Mexico’s federal district (DF) is looking to introduce a new tariff system for potable water that will charge users according to their socioeconomic status, paper El Universal reported.
The new scheme involves adjustments to the potable water subsidy depending on the average income of each area, as well as the amount of water consumed per household.
Under the new system, each block of the city would fall into one of four economic categories, with the highest-earning areas receiving the lowest subsidies.
Water authorities will use factors such as the proximity of each block to services such as public transport, banks, schools and universities, as well as information from a 2005 census, to determine which category it falls into.
Additional discounts will be applied for senior citizens, and residents in areas where the potable water service is intermittent or poor quality, the report said.
Residents who consume less than 20m3 per month will receive the full subsidy no matter what their socioeconomic status, water utility SACM head Ramón Aguirre was quoted as saying.
The new tariff system will be presented to the DF lower house on November 30, and, if approved, would be implemented in 2010.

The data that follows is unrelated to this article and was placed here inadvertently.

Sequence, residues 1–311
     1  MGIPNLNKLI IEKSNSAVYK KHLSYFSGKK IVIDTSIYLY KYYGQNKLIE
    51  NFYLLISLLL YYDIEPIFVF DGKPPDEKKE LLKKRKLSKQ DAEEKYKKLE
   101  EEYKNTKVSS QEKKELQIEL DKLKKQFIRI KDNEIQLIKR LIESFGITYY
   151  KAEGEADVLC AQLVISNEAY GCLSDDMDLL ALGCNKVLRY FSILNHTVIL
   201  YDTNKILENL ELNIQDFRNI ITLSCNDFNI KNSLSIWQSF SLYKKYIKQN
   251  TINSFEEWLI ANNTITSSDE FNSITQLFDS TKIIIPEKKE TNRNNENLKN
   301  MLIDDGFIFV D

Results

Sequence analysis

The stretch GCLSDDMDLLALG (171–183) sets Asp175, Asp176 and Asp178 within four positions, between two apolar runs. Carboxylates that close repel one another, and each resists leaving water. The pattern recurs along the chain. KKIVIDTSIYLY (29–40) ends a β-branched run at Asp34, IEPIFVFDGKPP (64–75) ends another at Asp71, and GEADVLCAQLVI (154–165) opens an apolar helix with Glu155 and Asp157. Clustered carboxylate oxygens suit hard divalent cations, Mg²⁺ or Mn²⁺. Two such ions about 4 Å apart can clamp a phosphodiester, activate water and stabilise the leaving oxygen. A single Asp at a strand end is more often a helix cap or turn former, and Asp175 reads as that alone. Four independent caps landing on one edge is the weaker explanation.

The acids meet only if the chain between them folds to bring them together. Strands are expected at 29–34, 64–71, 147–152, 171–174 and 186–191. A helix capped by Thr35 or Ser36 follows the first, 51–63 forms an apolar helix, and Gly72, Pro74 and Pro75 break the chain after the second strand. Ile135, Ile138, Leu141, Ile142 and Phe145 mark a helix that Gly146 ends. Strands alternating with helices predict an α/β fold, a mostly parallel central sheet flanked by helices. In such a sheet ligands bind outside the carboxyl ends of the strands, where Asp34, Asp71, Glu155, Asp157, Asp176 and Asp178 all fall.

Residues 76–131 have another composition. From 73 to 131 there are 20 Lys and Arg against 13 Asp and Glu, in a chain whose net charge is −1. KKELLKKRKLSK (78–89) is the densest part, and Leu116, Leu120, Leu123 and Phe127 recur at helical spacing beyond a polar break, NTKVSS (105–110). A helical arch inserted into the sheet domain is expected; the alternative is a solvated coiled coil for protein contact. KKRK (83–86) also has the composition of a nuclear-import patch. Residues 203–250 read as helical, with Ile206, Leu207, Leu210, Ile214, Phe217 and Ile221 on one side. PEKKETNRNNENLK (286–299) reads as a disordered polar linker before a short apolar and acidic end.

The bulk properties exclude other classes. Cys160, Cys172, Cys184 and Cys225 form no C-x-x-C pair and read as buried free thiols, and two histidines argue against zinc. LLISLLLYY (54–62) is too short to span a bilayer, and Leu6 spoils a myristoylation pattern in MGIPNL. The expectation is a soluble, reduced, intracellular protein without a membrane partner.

Water authorities are also looking to implement a 2% tax on water starting 2010, which would be the equivalent of 0.50 pesos (about 4 US cents) per liter, the report said.
If approved, the tax would mean an additional 1bn pesos/y for water consumption in the city, according to Aguirre.
The money would be used to improve hydraulic infrastructure, drainage systems, wastewater treatment and water reuse systems, as well as soil conservation and the installation of improved water meters, he said.
Spring price hike
As well as the new tariff system, SACM will increase water rates by around 10% during the February-May period to reduce water consumption, the report said.
While the demand for water during these months is 20% higher than during the rest of the year, the drought in the area means there will be less water available, according to Aguirre.
The utility hopes that the increased rates will reduce the average daily water use of each resident from 307l/d to around 200l/d, the report said.
Source: BNamericas.com [subscription site], 26 Nov 2009